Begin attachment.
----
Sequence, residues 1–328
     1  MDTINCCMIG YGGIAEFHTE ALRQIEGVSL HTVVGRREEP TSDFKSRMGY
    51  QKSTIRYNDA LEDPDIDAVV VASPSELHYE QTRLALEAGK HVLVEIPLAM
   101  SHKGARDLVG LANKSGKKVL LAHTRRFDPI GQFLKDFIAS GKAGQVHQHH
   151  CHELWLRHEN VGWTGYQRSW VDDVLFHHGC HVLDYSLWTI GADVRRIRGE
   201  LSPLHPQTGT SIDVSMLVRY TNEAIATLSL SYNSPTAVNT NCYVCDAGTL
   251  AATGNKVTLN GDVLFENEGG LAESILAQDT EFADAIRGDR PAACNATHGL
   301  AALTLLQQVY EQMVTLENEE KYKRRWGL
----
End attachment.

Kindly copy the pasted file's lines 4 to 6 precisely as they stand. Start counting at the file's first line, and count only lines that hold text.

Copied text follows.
   101  SHKGARDLVG LANKSGKKVL LAHTRRFDPI GQFLKDFIAS GKAGQVHQHH
   151  CHELWLRHEN VGWTGYQRSW VDDVLFHHGC HVLDYSLWTI GADVRRIRGE
   201  LSPLHPQTGT SIDVSMLVRY TNEAIATLSL SYNSPTAVNT NCYVCDAGTL